Recognition is as important in your personal life as in your professional life. William James said, “The deepest principle of human nature is a craving to be appreciated.” While that holds true more for some people than others, everyone likes to feel appreciated, and being appreciated is a powerful motivator.

When you do something nice for a loved one, you expect gratitude in return. When you clean the house every day before your spouse comes home, you’re more likely to continue if you feel appreciated.

Recognition is so easy to give. Try offering it more to your friends, family, and colleagues. You might notice that they praise you more in return, sparking your motivation.

The Work Itself

The work itself can be an important motivating factor. People want to be challenged, engaged and fulfilled. If the work doesn’t check off these boxes, it won’t be as motivating.

That’s why you’re likely to procrastinate when it comes to tedious tasks, such as doing data entry or laundry. However, you might be motivated to prioritize an especially simple task when your other to-dos demand more effort.

When thinking about what intrinsic value the work has, you can relate it to any of the other motivating factors. If doing the work will bring you recognition, advancement and a sense of achievement, it’s going to be more motivating than work that doesn’t satisfy those requirements.

Maslow’s Hierarchy of Needs

Before Hertzberg came up with his Two-Factor theory, Maslow coined the Hierarchy of Needs theory. The motivating factors in this theory differ from Hertzberger’s because Maslow believes that all motivation stems from the desire to satisfy these needs. He also categorizes the needs sequentially, whereas Hertzberger’s theory doesn’t indicate that you have to have one motivating factor before another.

All of Hertzberger’s motivating factors are higher-order requirements. According to Maslow, you need to satisfy the lower order needs before you are motivated by those on a higher tier.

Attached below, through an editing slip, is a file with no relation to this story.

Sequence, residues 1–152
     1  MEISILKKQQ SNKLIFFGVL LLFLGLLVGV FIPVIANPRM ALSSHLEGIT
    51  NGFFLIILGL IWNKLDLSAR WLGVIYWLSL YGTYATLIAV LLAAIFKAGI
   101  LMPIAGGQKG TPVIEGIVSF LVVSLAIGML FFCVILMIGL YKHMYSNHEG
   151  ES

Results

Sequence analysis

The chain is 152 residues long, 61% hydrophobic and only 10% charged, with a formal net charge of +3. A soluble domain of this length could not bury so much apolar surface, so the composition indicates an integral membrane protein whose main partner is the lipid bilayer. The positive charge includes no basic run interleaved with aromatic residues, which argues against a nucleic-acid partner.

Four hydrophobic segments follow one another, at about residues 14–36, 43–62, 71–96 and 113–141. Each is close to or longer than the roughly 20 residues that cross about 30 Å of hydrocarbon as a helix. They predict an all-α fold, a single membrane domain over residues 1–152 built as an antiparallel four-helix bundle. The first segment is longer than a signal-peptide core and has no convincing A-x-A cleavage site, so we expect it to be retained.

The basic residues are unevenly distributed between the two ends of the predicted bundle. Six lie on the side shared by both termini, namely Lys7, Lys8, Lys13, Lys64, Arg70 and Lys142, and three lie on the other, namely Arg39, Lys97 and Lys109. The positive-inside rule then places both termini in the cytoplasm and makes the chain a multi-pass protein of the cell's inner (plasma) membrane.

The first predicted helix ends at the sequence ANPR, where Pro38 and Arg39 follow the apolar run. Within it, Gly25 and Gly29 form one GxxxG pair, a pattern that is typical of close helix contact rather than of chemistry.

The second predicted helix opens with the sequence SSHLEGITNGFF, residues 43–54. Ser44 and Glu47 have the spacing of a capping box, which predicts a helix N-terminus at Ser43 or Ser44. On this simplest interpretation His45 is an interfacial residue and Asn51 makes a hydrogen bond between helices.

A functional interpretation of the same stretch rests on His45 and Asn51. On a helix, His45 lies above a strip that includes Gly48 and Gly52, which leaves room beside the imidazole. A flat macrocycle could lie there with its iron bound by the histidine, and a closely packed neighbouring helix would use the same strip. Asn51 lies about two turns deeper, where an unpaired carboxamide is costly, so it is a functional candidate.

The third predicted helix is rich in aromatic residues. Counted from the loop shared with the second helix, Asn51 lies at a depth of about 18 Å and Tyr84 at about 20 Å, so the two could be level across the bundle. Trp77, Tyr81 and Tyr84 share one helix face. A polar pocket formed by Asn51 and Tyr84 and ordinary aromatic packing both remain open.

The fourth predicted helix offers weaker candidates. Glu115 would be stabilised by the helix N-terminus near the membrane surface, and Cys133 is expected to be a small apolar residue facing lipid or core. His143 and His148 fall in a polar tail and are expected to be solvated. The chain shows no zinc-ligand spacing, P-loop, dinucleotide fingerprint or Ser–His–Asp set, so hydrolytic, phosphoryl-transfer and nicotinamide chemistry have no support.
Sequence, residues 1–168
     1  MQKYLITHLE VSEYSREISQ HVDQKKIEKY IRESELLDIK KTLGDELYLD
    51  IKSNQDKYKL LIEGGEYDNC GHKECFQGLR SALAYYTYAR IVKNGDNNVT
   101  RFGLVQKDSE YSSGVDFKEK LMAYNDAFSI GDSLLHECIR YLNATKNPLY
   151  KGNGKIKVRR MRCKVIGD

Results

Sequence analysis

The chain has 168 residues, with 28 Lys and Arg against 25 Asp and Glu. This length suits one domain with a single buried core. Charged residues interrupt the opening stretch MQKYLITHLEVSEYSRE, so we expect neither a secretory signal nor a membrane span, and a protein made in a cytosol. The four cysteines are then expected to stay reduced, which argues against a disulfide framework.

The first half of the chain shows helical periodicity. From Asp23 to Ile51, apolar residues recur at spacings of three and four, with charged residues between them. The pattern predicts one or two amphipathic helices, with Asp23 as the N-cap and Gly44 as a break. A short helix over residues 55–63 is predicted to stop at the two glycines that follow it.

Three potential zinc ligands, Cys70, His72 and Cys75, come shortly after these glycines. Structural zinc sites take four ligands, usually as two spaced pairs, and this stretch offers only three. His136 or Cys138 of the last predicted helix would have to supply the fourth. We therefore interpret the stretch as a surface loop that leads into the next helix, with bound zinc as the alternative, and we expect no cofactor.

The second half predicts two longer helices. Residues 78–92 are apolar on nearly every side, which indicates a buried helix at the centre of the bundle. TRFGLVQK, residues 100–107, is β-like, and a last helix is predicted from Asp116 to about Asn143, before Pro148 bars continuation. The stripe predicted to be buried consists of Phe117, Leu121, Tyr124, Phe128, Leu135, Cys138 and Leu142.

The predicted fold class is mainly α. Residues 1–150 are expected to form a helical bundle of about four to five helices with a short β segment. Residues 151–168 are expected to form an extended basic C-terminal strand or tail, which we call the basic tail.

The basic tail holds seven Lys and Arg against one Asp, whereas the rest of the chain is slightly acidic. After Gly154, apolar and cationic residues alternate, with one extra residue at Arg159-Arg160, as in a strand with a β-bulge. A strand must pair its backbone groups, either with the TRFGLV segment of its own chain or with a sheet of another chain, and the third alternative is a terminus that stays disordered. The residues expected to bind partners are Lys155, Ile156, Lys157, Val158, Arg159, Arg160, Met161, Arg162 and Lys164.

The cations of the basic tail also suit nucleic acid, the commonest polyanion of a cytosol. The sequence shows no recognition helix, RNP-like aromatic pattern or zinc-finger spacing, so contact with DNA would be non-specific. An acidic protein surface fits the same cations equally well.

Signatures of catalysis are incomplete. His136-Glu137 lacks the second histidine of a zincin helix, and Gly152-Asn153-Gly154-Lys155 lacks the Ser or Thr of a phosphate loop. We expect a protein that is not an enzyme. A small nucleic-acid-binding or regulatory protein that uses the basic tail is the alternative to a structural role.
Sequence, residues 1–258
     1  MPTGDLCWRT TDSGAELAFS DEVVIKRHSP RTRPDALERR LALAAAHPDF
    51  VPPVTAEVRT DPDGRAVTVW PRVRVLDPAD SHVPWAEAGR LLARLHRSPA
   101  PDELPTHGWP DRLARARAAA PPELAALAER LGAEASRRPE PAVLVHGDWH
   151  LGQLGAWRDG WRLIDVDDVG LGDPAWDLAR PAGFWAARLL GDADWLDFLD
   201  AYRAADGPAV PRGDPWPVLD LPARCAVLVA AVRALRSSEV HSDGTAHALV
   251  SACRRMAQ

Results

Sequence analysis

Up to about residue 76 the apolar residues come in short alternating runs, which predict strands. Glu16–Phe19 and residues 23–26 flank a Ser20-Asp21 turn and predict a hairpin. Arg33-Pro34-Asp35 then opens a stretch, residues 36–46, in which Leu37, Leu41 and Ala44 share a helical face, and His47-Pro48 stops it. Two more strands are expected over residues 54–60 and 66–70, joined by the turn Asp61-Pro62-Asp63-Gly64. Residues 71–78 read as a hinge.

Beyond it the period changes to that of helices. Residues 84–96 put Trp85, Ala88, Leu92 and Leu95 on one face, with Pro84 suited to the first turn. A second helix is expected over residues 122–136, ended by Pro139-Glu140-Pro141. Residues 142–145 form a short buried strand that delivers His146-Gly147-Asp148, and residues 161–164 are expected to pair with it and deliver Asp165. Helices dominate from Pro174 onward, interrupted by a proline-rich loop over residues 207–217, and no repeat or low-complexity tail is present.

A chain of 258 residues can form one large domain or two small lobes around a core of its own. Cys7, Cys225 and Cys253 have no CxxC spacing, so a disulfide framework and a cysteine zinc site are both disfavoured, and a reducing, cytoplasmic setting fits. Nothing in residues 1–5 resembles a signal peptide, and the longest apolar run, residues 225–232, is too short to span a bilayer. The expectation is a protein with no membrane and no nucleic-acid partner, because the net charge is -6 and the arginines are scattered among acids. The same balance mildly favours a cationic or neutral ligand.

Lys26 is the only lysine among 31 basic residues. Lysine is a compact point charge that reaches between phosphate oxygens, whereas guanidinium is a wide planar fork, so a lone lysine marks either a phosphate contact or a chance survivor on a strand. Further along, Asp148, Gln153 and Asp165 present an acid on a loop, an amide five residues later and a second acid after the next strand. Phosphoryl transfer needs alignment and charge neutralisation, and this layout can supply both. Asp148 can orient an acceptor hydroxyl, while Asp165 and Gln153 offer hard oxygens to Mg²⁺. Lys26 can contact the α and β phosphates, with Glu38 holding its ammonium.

Maslow’s Hierarchy of Needs includes the following motivational factors in sequential order.


Physiological needs are those that you must have in order to survive. They include food, water, and shelter. These can be adapted to professional life, though. On the job, you need an income that covers your expenses, somewhere to work and a way to get there.

If you don’t have these things, you’ll be motivated to achieve them. Therefore, if you’re not making enough money, you might be motivated to look for another job. However, you may not be motivated to seek out new relationships until you satisfy this need. But Maslow claims that sex is a physiological need. You may look for physical connection even if you don’t want to get involved in a long-term bond.

An important physiological need is homeostasis. That means that your body maintains its vital operations, such as blood pressure, temperature and blood glucose level. This explains why you might not be able to concentrate on your work while you’re hungry. At that point, you’re more likely to be motivated by food, which will balance your blood sugar levels.


Physical, emotional, and economic safety is next on the list. Safe working conditions and a salary that allows you to feel financially secure are important here. If you don’t feel safe at work, you won’t be motivated to take on projects that promise recognition or growth.

The same goes for your personal life. You need to feel safe in your surroundings before you’re motivated to realize your higher-order potential.

Love and Belonging